I hate messages like this, because they are often used to lie with statistics, using math comparisons to hide the real information, usually to make it seem more impressive than it really is.
In this case, though, the placard is outright wrong!
“This urinal flushes with only 16 oz. of water” — okay, that’s clear enough.
“A standard one-gallon urinal” — points for good hyphenation, but deduction for switching from ounces to gallons. How many ounces in a gallon? (I had to look it up to be sure, got it wrong at first: 128.)
But the word after the comma, this is where the placard text is wrong. If it had said “This urinal flushes with only 16 oz. of water, using 88% less water per use than a standard one-gallon urinal”, it would have been correct (albeit overusing “use”). 87.5% of 128 oz. is 112 oz., so saving 88% leaves 16 oz being used:
x - .88x = 16 (where x=ounces used by a one-gallon urinal = 128)But they had to try to go green and put the word “saving” in there. That changes the entire meaning. It is no longer about using less than another urinal does; now it is about saving more than another urinal (saves). That unwritten word is the key. It means that we are comparing this urinal and the regular one to some unspecified third option, a presumed baseline. But what is that baseline?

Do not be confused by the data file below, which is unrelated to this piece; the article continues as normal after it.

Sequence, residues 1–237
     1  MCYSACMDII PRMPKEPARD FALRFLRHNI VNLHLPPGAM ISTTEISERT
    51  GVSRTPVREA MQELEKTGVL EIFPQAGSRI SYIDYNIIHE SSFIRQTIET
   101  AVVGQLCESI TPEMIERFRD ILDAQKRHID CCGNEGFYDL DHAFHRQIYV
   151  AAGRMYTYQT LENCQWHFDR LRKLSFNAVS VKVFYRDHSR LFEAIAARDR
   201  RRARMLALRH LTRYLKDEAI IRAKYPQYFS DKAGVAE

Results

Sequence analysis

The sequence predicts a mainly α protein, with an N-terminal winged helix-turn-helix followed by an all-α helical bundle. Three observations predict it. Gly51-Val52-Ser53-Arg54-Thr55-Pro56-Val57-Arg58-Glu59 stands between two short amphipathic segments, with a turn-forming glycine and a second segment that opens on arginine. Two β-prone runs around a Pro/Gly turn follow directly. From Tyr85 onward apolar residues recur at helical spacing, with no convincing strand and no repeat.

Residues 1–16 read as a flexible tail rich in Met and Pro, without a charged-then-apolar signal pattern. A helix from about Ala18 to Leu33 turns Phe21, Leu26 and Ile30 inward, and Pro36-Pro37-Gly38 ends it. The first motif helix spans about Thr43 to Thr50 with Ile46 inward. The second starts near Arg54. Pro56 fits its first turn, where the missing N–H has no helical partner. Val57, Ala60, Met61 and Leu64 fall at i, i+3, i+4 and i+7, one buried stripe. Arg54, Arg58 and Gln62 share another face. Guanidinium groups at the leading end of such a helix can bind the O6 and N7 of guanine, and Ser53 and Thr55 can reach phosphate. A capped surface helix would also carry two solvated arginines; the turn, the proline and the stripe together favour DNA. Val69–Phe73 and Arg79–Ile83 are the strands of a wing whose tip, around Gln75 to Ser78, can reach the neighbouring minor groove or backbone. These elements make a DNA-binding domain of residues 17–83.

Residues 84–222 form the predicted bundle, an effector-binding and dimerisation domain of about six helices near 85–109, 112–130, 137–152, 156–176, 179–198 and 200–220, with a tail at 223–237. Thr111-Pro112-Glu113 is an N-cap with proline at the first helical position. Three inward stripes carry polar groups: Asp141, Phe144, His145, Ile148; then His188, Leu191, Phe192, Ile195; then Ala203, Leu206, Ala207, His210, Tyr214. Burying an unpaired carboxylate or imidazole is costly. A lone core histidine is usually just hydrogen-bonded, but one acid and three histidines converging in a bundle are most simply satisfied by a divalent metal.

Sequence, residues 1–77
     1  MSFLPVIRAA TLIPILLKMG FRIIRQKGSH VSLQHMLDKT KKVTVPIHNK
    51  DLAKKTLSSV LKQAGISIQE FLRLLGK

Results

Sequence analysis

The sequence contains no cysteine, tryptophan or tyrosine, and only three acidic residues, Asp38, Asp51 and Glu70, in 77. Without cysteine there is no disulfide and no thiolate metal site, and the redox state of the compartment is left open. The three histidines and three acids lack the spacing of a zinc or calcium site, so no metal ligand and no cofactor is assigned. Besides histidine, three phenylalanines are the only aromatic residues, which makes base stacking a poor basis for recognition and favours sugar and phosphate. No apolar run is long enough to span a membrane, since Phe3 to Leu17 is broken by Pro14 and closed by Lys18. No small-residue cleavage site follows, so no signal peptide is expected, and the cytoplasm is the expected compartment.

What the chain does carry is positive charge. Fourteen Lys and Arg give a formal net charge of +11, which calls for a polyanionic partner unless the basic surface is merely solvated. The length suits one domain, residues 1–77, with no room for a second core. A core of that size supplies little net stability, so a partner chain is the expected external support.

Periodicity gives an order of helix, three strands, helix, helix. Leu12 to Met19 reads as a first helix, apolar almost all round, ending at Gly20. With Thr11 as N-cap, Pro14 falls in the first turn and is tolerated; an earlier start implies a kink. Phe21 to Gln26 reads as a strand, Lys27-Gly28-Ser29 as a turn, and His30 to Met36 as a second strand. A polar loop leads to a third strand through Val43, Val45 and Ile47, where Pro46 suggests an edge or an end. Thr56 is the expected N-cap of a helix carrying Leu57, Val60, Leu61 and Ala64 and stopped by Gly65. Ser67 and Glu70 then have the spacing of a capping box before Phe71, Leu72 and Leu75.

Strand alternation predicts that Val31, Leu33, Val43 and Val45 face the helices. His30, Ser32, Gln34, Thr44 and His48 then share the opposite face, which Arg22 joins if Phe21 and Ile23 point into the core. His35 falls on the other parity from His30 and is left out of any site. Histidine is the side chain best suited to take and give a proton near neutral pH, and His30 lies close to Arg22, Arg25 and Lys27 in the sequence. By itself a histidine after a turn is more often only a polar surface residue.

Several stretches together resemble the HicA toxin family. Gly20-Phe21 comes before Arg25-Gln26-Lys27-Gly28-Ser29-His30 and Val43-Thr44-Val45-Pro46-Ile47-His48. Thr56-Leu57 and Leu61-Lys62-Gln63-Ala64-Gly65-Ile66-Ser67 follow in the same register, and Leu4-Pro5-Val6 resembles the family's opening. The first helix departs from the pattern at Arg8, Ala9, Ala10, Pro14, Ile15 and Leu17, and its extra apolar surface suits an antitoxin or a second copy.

The EPA refers to an “older, inefficient 1.5 gpf flushing urinal”, and the state of Alabama mentions “older flush type urinals used 2.5 gallons”. Or going to sit-down toilets, new pressure-assisted flush toilets use 1.4 gallons, and post-1994 ones used 1.6, while ones before then used 3.4 gallons. Flushometer toilets like those in commercial restrooms also use about 1.6 gallons. (Interesting side note there: urinals use less water than sit-down toilets, but still more than 2/3 as much, a far higher percentage than I expected.)
If we were just comparing one urinal’s volume to the other, our math formula would be what I listed above. But with the mystery toilet involved, it is:
128-16 = .88 y (where y = ounces saved by a regular urinal)
(additional amount saved by special urinal = 88% of amount saved by regular urinal)Per this formula, for these special urinals to save 88% more than a regular urinal, a regular urinal saves about 128 oz. (one gallon), meaning that the baseline item uses 2 gallons, which doesn’t fit any of the profiles noted.